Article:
"I should get back to my work," Mohinder says, and wonders whether anyone will bother with an autopsy report when he himself is dead. Probably. They need his blood, after all.

"Yes," says Bob amiably. "You should."


The third time Mohinder saw Noah Bennet, Bennet wasn't in the mood for Matrix allusions. Instead, he was pointing a gun at Molly.

" As long as she's alive," he said, "my daughter will never be safe. None of them will."

"You'll take the life of one little girl to save another?"

"If I have to."

"Do you think Bennet would have shot?" Mohinder asks Matt, just a short time before Molly volunteers to find Matt's father and sinks into a coma. "Back when you two came for her. Do you think he'd have shot Molly if you hadn't stopped him?"

Matt, frustrated in his search and still reeling from the revelation his father was Molly's nightmare man, tersely replies: "It's a little late to wonder about that, isn't it?"


Every time he comes or goes from his apartment, he passes the door to the one where Eden used to live. There is a new occupant now; apartments never stay empty long in New York. Besides, the Company cleaned out all of her possessions when she died. He has seen the inventory list. Mohinder the lizard is not on it, and he wonders whether that means Eden took him with her to Texas, and that his namesake is running around free there now, baking in the sun. Mohinder misses the sun; the New York winter, lingering, with the spring refusing to start is so very cold.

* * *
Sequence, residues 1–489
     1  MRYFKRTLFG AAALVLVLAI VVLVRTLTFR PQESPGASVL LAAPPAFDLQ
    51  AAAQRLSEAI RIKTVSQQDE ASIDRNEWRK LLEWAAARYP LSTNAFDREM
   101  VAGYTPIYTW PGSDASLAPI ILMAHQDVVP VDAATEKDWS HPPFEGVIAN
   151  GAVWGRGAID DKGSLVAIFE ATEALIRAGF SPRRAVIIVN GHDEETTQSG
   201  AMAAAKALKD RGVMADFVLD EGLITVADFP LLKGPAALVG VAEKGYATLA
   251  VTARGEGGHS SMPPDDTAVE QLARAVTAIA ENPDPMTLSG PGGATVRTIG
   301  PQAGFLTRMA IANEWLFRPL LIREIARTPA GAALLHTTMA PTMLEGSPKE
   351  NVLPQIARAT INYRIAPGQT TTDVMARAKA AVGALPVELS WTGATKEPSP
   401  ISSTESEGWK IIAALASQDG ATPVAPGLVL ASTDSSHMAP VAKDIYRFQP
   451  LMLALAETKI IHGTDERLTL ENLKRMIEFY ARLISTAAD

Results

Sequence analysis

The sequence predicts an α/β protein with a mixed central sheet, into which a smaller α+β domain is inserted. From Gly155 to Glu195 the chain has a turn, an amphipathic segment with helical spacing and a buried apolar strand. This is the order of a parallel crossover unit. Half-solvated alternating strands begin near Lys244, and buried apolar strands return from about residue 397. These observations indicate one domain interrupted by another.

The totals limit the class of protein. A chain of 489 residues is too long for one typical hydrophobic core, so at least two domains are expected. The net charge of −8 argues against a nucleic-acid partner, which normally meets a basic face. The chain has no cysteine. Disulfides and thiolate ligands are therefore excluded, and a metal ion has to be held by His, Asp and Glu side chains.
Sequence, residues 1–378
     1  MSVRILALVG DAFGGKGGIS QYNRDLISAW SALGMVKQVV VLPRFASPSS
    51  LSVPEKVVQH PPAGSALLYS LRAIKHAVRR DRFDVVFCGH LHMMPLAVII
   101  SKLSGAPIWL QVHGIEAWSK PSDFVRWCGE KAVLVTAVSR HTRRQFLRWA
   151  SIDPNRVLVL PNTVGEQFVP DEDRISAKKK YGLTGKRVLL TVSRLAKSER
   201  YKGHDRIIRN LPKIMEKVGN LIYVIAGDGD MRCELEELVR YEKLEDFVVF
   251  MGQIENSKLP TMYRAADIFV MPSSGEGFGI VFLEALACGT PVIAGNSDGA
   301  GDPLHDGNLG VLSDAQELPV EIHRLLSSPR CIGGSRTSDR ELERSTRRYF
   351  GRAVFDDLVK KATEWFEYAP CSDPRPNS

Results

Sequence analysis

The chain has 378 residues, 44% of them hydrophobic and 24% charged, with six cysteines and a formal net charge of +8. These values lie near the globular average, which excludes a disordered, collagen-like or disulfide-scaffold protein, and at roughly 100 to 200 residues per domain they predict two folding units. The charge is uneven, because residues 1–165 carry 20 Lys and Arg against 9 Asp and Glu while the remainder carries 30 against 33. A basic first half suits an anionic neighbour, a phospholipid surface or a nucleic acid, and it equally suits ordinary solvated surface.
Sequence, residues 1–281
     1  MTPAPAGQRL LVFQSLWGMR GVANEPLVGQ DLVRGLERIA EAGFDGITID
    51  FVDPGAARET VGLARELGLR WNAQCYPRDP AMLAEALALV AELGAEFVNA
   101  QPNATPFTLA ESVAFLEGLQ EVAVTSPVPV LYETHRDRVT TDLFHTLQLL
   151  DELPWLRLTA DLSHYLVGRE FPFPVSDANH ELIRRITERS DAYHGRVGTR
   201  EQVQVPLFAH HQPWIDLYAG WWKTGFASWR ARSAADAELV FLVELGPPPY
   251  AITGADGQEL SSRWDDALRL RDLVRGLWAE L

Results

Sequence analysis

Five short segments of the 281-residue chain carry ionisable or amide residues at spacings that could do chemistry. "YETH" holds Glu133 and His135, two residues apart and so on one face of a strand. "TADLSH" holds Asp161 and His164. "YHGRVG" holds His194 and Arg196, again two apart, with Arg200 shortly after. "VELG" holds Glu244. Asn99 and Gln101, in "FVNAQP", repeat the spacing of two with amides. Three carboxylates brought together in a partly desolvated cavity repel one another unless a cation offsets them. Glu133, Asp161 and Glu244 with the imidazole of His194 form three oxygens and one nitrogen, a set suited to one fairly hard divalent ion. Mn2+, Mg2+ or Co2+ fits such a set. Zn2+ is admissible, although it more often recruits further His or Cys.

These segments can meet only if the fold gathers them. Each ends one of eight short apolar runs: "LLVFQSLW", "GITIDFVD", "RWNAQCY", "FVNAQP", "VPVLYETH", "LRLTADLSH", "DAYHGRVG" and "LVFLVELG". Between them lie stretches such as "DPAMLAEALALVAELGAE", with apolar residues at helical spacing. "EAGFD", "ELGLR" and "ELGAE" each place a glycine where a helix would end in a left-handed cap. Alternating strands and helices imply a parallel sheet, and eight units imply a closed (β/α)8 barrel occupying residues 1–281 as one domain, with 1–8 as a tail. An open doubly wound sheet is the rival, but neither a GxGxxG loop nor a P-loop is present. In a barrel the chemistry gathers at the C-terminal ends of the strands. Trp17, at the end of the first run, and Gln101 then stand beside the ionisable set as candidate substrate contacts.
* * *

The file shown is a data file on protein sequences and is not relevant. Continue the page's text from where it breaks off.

"I miss the sun," Niki Sanders says to him when attempting casual conversation. It's a difficult thing to attempt, given that she has just told him she is his new watchdog, or, as the Company terms it, partner. "I didn't think I'd ever get homesick for Las Vegas, but, well…"

"We all have to make sacrifices," Mohinder says, and the edge in his voice is directed at himself as well as her.


His mother, cajoled to speak at last, remembers Shanti dying in agonizing detail. It's not hard to imagine grieving mothers like her everywhere around the world if the virus really mutates. Mohinder looks at computer print-outs and changing data, and he imagines there is something of the smell of Mendez' paintings still lingering, though that must be his imagination.

An apocalypse, that voice he tries to forget whispers in his memory. They mean nothing. They're innocent. There's no gain, so why would I do it?

Sylar must have been standing in this very room when he made that call, together with Isaac Mendez' dead body.

The future can't be inevitable. There is such a thing as free will. Maybe there aren't any good choices Mohinder can make right now, but he still can make choices, and some of them have to save lives instead of destroy more. They have to.

I need to make things right, Eden told him in her last minutes of life. There are worse resolutions to die for.